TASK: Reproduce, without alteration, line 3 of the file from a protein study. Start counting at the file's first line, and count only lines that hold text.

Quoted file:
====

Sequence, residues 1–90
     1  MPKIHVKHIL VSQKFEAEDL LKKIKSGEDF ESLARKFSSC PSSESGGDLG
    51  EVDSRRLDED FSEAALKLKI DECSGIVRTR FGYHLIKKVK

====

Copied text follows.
    51  EVDSRRLDED FSEAALKLKI DECSGIVRTR FGYHLIKKVK